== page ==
I have developed 3 indicators that each test profitably. I've determined the optimal parameters by optimization (periods, thresholds, etc.). I do not expect to get the same results in the future, but I prefer to use the optimized values rather than some arbitrary values. For example everyone may use 12,26,9 for their MACD but if 10,22,8 give better results in backtesting them it'd be better to use that right?
My question is this: I'm now working on combining these 3 into one signal (short, flat, long). I've tried two different approaches to do this:
1 - I use the optimal parameters that I determined on each indicator individually
2 - I re-optimized all parameters together.
#1 seems to be more realistic, with the acknowledgment that the performance will not be the same as the backtests, due to the performance of each system not being the same. This I know. So the final results will probably not be as good. But this seems robust.
#2 - Seems to be more optimal, with an even stronger acknowledgment that the results will not be as good as the backtest. However there is a greater risk of curve fitting due to the increased rules and degrees of freedom. In defense of the optimization I will say that lots of attempts produced unacceptable results so I believe that if optimization finds something good say PF > 3.0 then it's very likely to be positive in forward testing even though the PF will most likely be less.
I'm curious what people think about these two approaches. I am currently forward testing both #1 & #2 but since they trade on daily charts and not very often, it will take a while to have something meaningful.
I've developed systems that have held up and systems that have fallen apart. I understand the limitations of backtesting and automation. So I prefer not to debate that but focus on which approach would be best.
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I've read about this but I've never done it, which is probably why most of my strategies stopped working.
one of my indicators has 500 trades since 2000. I'm going to optimize it for the first 100 trades and then walk it forward the next 100. Then optimize the first 200 and walk it forward the next 100. So I'll have:
RJay - I think we're talking about different things. I made an indicator, but the indicator uses lookback periods, moving averages, thresholds, etc. It's those that I want to optimize to find the optimal values for my indicator. Just like someone came up with 14,3,3 for stochastic.
Technically both of the approaches you describe above are curve fitting =)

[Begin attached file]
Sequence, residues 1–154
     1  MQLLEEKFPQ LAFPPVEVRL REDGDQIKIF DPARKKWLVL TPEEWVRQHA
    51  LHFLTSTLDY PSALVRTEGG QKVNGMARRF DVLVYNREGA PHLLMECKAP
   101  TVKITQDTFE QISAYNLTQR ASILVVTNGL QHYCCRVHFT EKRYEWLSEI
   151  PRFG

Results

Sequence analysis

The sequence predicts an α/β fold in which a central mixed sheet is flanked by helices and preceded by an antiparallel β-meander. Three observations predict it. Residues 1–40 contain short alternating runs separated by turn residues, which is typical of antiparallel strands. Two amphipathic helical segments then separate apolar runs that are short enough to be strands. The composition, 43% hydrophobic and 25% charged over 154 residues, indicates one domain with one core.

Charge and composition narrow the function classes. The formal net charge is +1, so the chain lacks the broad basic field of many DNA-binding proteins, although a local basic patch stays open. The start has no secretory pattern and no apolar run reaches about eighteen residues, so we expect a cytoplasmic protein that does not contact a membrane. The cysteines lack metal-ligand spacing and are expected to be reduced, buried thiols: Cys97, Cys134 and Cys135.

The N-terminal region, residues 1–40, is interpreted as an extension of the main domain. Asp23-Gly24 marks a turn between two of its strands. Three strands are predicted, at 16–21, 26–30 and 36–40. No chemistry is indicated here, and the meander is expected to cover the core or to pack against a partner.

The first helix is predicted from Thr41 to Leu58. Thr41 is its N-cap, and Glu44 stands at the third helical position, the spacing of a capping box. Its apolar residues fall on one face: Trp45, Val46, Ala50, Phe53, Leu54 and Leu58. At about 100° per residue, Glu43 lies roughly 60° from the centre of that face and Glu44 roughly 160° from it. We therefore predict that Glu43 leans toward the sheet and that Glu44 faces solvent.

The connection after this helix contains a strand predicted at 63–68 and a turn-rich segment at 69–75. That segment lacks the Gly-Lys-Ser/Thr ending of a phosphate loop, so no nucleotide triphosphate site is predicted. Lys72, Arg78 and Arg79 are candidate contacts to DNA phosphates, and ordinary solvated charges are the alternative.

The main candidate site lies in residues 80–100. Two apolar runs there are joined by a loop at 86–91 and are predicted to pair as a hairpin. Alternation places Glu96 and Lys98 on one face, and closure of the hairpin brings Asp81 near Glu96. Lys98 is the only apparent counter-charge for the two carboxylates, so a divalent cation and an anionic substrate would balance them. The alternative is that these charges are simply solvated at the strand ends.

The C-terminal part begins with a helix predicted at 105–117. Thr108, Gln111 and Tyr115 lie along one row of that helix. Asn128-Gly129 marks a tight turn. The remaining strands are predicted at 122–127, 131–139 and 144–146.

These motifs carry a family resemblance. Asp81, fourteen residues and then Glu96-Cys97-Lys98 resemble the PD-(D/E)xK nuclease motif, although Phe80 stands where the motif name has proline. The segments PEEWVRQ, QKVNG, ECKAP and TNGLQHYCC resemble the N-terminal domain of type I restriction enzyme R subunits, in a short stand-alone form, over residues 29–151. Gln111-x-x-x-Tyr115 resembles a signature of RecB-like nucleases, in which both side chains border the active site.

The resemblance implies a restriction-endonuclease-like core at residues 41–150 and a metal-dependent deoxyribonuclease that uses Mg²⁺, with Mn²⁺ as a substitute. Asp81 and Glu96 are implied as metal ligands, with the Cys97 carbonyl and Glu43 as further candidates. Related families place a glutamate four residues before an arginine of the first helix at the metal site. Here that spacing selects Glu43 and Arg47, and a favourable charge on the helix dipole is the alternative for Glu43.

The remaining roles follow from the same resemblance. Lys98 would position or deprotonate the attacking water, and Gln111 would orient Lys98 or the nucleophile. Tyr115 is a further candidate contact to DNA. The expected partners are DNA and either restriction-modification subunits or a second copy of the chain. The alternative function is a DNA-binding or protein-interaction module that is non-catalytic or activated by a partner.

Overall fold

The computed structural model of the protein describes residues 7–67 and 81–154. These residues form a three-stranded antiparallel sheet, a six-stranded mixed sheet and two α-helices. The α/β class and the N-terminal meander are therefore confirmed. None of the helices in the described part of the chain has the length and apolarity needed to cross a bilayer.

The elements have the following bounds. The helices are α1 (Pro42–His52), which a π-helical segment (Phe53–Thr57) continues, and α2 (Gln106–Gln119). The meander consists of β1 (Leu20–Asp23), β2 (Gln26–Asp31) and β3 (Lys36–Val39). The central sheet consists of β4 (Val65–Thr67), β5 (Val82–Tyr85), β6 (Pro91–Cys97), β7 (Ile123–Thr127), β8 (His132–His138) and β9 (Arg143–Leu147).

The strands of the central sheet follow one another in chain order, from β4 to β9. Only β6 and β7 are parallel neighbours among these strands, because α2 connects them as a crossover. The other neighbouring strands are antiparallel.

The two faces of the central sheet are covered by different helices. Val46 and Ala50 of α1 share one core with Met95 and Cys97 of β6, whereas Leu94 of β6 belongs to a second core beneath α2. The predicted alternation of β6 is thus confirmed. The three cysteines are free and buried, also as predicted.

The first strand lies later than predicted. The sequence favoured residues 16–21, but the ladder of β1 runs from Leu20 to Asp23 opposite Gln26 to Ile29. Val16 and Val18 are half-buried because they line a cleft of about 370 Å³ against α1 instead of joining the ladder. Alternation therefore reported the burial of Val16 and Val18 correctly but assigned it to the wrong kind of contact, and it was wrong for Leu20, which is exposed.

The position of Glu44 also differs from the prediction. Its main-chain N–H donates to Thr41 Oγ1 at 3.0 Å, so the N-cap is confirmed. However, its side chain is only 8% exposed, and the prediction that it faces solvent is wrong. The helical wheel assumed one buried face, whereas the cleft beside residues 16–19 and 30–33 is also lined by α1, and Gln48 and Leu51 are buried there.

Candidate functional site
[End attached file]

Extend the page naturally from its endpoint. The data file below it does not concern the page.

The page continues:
Global parameter search (method #2) is a much better approach because a disjoint search does not take into consideration the relationships between the different indicators.
You want to find a 'stable region' of parameters, ie a range of numbers near each other which all give similar performance, that is good curve fitting.
Bad curve fitting is when you find the best set of parameters which may be an outlier in an unstable region, ie it may have high profit now but the likelihood of it continuing to work in the future is lower.
See the attached matlab plots for an illustration of this. The colors represent performance of a strategy based on normalized Sharpe ratio, red means highest sharpe ratio blue is lowest.
You might be tempted to pick a value along the sharp red ridge that runs along Param1=20, but actually a better choice for the long run is one of the flatter red bumps at the back (near Param1=50, Param2 = 225)
The sharpness of the first ridge makes it inherently unstable, think of it just like in real life if you were standing on a sharp peak and it moved a little bit, you would fall off (which in this case results in drawdown) whereas if you are standing on a flatter hill you will not be affected as much if it shifts slightly.
(BTW.. i generated these images but they are of a strategy from a mathworks webinar, if any of you are matlab users you can download the code and webinar from their website)
Last edited by sefstrat; August 30th, 2009 at 07:41 AM.
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I'm sad to report the walk forward tests weren't that good. I started with 2000-2003 to give me 100 trades. Then I walked forward year by year. The first couple years it did well on the walk forward test. But then around 2007-present it didn't. I can explain that because that's when we went from bull to bear market. So if we figure the bear market started roughly end of 2007, the problem is I don't have enough trades during the bear market. And even then things changed in March when we started the bull market (or bear market rally). And the market direction isn't the only thing that changed, volatility has completely changed over the past few years.
For me this is the hardest part of creating a mechanical system on a daily timeframe. I've spent a lot of hours on this but I'm afraid it's back to the drawing board.
Lesson learned: With two moving averages you can come up with a profitable system using just about any data.
I still think there's some predictive power here but I have to find a way to prove it..
Sorry it didn't work, but now you know what to do and hopefully next time you will succeed. Don't blame it on bull or bear market. As I understand you have a trend following system, so it should work on both sides.
In this case I'm using minute data from 2000 - present, using Tradestation. This is a big problem with zen-fire not having continuous contracts and long history. I have iqfeed for this purpose for NT.
I have read pardo's book and need to reread the parts about walk forward testing. I worked a lot on my system and when it didn't hold up I was very disappointed. so now I'm focusing on non-mechanical trading. One thing I want to do is try my algorithm with other data sources and that should be interesting. if they can be curve fitted than anything can. if they cannot then maybe my original idea was on to something.